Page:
biofilm – An aggregation of microorganisms in which cells adhere to each other, forming small communities that are held together by an extracellular polymeric matrix. Different communities are co-dependent on each other, and the whole biofilm forms a defensive mechanism requiring much higher concentrations of antimicrobials to control its growth. Dental plaque is a previous name for what is now called the biofilm. However, recent understanding of the biofilm leads to the development of the "micrbiome" ecological model; because bacteria are normally present in the oral cavity.
bitewing radiography – The process of creating radiographic images of the posterior teeth, with the specific objective of identifying carious lesions on the proximal surfaces that may be inaccessible to visual and tactile examination. Less mineralised tissues permit more x-rays to pass through (radiolucency) and therefore create greater levels of exposure to radiographic film or a digital transducer.
demineralisation – The chemical process by which minerals (mainly calcium) are removed from the dental hard tissues - enamel, dentine, and cementum. The chemical process occurs through dissolution by acids or by chelation, and the rate of demineralisation will vary due to the degree of supersaturation of the immediate environment of the tooth and the presence of fluoride. Under optimal conditions, the minerals may be replaced through the process of remineralisation.
dental plaque – An organised community of many different microorganisms that forms itself into a biofilm and is found on the surface of the tongue and all hard surfaces in the oral cavity. Dental plaque is present in all people and can vary from being comprised of totally healthy microorganisms (commensals) to being very harmful (pathogenic), predisposing the patient to dental caries or periodontal diseases. Note: Dental plaque is not food debris, nor does it contain food debris. Dental plaque can only be completely removed by mechanical means such as toothbrushing or prophylaxis. Food debris can be removed by rinsing.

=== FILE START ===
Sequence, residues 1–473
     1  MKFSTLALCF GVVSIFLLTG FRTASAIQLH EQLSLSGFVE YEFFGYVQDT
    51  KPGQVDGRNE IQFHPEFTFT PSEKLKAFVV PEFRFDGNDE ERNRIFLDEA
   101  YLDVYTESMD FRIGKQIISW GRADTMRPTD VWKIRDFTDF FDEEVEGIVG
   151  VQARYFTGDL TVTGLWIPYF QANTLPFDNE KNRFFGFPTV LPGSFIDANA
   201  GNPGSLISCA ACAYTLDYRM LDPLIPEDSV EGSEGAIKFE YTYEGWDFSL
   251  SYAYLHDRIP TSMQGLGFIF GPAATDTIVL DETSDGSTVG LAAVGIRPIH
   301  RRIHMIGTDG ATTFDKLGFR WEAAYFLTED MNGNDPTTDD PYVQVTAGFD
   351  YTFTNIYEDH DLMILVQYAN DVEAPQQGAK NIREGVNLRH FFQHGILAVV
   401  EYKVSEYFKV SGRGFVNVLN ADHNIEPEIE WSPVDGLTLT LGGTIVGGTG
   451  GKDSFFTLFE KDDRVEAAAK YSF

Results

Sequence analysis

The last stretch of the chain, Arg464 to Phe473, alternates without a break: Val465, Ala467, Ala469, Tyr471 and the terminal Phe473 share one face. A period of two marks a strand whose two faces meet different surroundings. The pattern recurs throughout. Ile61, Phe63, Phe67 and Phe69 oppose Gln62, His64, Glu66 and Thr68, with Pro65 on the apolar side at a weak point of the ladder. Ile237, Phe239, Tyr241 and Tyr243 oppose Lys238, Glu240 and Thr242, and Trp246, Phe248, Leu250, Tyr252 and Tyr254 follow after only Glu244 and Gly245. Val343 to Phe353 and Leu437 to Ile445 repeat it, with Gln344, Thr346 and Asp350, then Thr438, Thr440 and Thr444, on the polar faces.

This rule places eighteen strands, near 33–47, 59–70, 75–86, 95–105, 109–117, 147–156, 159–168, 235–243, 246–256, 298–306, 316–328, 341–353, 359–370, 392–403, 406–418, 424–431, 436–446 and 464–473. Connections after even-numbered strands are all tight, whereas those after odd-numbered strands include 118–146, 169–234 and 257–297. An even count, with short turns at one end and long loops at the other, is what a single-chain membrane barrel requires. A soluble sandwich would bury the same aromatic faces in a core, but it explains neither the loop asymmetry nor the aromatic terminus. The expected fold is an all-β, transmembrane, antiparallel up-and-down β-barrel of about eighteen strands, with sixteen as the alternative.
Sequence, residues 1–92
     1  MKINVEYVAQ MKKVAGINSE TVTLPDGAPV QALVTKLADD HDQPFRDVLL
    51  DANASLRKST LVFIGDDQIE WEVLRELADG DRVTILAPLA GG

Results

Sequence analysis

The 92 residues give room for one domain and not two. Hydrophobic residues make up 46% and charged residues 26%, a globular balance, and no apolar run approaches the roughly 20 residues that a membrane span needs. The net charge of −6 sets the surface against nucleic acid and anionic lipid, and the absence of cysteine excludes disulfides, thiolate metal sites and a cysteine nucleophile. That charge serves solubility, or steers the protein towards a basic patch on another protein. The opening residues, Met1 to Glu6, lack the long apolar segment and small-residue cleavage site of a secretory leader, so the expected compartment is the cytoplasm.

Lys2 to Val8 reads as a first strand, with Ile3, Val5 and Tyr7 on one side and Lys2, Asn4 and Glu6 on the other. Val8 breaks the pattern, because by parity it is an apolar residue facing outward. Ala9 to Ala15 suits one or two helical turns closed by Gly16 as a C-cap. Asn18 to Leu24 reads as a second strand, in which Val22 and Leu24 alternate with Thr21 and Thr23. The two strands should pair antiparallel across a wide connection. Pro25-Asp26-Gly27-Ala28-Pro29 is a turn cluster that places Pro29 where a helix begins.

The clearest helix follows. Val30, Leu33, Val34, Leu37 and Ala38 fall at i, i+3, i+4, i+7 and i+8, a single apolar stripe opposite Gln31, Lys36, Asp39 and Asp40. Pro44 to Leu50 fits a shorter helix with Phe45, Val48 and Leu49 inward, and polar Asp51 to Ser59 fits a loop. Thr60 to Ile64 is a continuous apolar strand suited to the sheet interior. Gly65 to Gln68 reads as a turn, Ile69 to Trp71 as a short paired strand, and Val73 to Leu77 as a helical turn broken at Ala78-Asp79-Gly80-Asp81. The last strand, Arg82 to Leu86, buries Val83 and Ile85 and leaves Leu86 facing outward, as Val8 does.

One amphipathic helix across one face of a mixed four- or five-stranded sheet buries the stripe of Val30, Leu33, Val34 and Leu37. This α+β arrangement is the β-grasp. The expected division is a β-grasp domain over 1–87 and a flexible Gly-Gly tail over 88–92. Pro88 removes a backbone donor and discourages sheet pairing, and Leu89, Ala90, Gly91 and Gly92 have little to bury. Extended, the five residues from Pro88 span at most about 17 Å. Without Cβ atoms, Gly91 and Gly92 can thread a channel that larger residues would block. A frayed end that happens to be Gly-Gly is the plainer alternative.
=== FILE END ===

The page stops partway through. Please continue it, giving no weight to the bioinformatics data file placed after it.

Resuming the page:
lesion – Any abnormal well-circumscribed change in any tissue due to disease or injury. In terms of dental caries, the lesion is the part of the tooth that has undergone the caries process. Therefore, this part of the tooth includes demineralised enamel and dentine, the cavity itself where tissue has been lost (not a feature of a very early stage lesion), and softened tissue that can be removed by a dental hand instrument. Microscopically, the lesion extends beyond the cavity.
microbiome – Normal bacterial species that are present at all the times in the human body and their presence is necessary for maintaining health, especially in the digestion of foods and in keeping away detrimental bacterial species.
microporosity – An area of the enamel surface that has developed a level of porosity not clearly visible to the naked eye; the resulting change in surface texture may be detected by a dental probe/explorer. Microporosity is a sign of demineralisation, and could be indicative of the initiation of a caries lesion.
remineralisation – The chemical process by which minerals (mainly calcium) are replaced into the substance of the dental hard tissues - enamel, dentine and cementum. The process requires an ideal environment that includes supersaturation with calcium and phosphate ions, and adequate buffering. In the presence of fluoride, the remineralisation process is enhanced.
tomography – Use of radiography to create a focused image of structures in a defined plane or 'slice,' ignoring all other structures that would normally appear in three dimensions. A series of tomography scans can help build a clearly focused 3D image.